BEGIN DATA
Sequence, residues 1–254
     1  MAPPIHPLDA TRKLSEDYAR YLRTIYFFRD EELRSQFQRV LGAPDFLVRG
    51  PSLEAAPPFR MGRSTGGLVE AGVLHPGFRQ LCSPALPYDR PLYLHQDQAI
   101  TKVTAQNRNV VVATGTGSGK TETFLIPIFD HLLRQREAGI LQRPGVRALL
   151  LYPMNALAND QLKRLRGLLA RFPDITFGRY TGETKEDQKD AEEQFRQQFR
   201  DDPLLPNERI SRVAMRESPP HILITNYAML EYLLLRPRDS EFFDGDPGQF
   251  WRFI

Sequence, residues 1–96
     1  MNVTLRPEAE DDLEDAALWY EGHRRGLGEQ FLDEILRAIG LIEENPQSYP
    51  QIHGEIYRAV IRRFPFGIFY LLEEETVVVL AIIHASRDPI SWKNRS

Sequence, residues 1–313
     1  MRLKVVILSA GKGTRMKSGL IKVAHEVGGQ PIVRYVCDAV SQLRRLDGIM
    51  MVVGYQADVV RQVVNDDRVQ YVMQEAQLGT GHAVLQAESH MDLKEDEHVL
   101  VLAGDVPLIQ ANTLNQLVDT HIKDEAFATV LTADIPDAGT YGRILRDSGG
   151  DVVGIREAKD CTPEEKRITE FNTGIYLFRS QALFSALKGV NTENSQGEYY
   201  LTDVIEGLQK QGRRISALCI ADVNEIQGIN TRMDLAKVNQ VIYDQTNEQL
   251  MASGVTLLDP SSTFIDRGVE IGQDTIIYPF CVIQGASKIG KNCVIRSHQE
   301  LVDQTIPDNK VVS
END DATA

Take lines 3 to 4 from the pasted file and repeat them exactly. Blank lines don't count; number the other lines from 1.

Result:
    51  PSLEAAPPFR MGRSTGGLVE AGVLHPGFRQ LCSPALPYDR PLYLHQDQAI
   101  TKVTAQNRNV VVATGTGSGK TETFLIPIFD HLLRQREAGI LQRPGVRALL